blog housekeeping: Storify’s slideshows

Like Sulia’s text-animator, Storify’s “slideshows” seem a little hinky, possibly as a result of cross-application fratricide, possibly for reasons internal to the application itself. So: apologies if my experiments with them have weirded your browsing or wasted your time in other ways.

Just for the sake of explanation, and to note these user-experience matters while they’re on my mind, for my own part I made the mistake with the last post of trying to develop it on Storify. In the process of examining export-to-blog possibilities, I published it prematurely, then ended up shuttling back and forth between blog and Storify trying to conform edits. It’s also not possible on Storify itself to un-publish a post. Can’t really think it was helpful to the post itself as a piece of writing.

Another hink I noticed is that, as with the Sulia text animations, trying to show more than one slideshow at a time creates problems. In the case of the slide-shows, showing more than one on the same (main) page seemed impossible at least on Firefox and Chrome. Since I wasn’t too happy with the second slide show anyway, I just deleted it.

I’m still thinking about doing a longer post focusing on Sulia, but I want to give the Suliers more of a chance to answer some questions about how they expect people to use their product. I still find aspects of it rather mystifying. Have you guys checked it out at all?

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Writing since ancient times, blogging, e-commercing, and site installing-designing-maintaining since 2001; WordPress theme and plugin configuring and developing since 2004 or so; a lifelong freelancer, not associated nor to be associated with any company, publication, party, university, church, or other institution. 

2 comments on “blog housekeeping: Storify’s slideshows

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  1. For my N=1 part, sulia holds no interest ’cause I can’ read that fast.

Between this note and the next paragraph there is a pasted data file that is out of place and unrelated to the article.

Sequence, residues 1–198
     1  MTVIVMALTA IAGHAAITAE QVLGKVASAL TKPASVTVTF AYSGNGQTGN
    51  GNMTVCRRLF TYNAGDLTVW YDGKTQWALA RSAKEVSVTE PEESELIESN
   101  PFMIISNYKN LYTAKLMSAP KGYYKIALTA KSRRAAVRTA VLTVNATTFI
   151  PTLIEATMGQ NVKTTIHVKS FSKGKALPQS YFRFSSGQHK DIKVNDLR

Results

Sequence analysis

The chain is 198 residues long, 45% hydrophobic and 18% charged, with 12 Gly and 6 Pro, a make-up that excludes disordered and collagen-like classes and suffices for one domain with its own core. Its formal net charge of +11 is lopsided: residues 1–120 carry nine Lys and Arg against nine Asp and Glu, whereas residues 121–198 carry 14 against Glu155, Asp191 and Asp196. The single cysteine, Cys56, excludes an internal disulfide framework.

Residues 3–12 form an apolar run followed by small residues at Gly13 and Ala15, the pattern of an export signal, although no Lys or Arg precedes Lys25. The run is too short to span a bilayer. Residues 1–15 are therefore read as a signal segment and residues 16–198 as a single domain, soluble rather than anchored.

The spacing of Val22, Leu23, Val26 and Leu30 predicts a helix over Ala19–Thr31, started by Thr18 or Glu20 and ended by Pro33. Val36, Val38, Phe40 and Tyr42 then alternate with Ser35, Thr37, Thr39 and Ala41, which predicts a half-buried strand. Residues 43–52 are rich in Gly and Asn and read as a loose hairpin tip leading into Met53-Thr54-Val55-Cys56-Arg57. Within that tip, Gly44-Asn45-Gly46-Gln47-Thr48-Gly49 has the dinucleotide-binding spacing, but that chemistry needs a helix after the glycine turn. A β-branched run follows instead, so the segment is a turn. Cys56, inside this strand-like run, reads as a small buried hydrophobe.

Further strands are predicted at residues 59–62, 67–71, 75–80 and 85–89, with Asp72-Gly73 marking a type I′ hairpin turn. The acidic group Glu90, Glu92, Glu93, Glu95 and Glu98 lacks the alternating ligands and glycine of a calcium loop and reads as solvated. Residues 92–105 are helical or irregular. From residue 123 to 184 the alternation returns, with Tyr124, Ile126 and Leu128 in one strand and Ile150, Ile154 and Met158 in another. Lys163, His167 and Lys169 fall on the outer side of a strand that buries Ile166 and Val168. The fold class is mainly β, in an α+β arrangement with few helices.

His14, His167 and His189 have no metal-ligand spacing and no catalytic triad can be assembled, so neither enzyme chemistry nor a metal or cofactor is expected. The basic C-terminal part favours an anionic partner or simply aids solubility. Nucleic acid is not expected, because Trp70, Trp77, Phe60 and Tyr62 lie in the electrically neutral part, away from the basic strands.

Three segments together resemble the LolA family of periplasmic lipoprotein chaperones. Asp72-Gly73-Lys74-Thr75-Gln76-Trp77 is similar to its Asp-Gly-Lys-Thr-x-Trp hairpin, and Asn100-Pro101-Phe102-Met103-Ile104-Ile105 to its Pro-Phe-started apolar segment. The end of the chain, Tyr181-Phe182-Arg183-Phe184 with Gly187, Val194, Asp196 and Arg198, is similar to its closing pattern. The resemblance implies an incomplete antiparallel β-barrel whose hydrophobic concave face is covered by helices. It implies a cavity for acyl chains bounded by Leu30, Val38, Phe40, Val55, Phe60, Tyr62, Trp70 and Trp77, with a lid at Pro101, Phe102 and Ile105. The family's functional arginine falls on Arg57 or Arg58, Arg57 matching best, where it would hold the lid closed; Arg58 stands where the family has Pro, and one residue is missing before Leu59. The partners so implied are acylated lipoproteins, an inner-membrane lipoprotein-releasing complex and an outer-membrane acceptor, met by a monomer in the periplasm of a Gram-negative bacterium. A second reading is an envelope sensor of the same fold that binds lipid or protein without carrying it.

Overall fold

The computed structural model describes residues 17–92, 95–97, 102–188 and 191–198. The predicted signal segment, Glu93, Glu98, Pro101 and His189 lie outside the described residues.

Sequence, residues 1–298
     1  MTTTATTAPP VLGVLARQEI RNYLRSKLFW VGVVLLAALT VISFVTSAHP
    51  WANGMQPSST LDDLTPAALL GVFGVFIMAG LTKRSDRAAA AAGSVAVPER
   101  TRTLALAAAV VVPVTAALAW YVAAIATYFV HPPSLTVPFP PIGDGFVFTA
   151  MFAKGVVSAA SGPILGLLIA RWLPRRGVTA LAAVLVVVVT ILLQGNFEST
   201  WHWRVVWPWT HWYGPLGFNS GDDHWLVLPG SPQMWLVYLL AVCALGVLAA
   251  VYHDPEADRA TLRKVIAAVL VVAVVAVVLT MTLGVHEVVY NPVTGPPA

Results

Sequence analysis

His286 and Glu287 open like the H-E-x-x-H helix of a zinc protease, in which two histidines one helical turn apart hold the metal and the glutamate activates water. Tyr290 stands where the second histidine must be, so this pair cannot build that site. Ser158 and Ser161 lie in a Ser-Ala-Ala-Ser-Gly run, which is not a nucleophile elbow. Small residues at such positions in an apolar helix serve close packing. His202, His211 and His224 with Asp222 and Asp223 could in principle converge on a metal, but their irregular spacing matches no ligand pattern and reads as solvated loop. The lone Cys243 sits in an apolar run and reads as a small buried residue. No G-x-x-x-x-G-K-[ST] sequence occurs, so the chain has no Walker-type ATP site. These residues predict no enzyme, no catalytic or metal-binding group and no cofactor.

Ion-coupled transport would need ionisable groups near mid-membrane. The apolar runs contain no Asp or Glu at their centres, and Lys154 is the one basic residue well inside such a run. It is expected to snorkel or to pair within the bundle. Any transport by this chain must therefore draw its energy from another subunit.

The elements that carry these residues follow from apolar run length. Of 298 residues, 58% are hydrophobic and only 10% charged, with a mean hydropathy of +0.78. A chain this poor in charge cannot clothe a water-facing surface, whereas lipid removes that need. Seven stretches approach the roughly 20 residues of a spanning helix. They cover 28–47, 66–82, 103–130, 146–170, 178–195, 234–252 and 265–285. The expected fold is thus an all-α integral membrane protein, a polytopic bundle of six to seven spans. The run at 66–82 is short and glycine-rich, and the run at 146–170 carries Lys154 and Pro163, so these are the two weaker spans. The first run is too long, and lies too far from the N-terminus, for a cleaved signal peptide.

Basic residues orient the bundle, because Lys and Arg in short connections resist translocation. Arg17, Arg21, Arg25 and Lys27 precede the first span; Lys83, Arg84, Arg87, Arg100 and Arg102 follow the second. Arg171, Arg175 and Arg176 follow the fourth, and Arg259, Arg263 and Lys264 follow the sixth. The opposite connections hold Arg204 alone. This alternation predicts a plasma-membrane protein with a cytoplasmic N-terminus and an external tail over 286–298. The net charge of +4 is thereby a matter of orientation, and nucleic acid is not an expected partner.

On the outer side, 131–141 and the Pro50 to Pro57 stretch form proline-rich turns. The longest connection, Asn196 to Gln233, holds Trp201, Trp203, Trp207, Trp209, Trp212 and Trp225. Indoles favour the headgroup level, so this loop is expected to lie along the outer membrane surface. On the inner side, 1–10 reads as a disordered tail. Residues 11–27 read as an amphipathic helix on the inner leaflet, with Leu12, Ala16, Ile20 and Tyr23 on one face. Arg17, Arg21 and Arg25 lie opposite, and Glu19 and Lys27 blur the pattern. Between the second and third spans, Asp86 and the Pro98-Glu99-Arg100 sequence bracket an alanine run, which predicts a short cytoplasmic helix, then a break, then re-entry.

As I mentioned before, I found storify’s retro futurism interesting, but again my personal limited bandwidth makes learning how to use it at this point, low on the list of stuff to learn.

    • I meant the whole Sulia web site, not just the text-animator thing. Storify is likewise a lot more than the slideshow app (which I haven’t seen anyone else use). People I’ve seen use Storify mostly to preserve interesting Twitter exchanges in a format more straightforward than the Slideshow, though you can use it to aggregate material from other sources, too.

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TV pundits and op-ed writers of every major newspaper epitomize how the Democratic establishment has already reached a consensus: the 2020 nominee must be a centrist, a Joe Biden, Cory Booker or Kamala Harris–type, preferably. They say that Joe Biden should "run because [his] populist image fits the Democrats’ most successful political strategy of the past generation" (David Leonhardt, New York Times), and though Biden "would be far from an ideal president," he "looks most like the person who could beat Trump" (David Ignatius, Washington Post). Likewise, the same elite pundit class is working overtime to torpedo left-Democratic candidates like Sanders.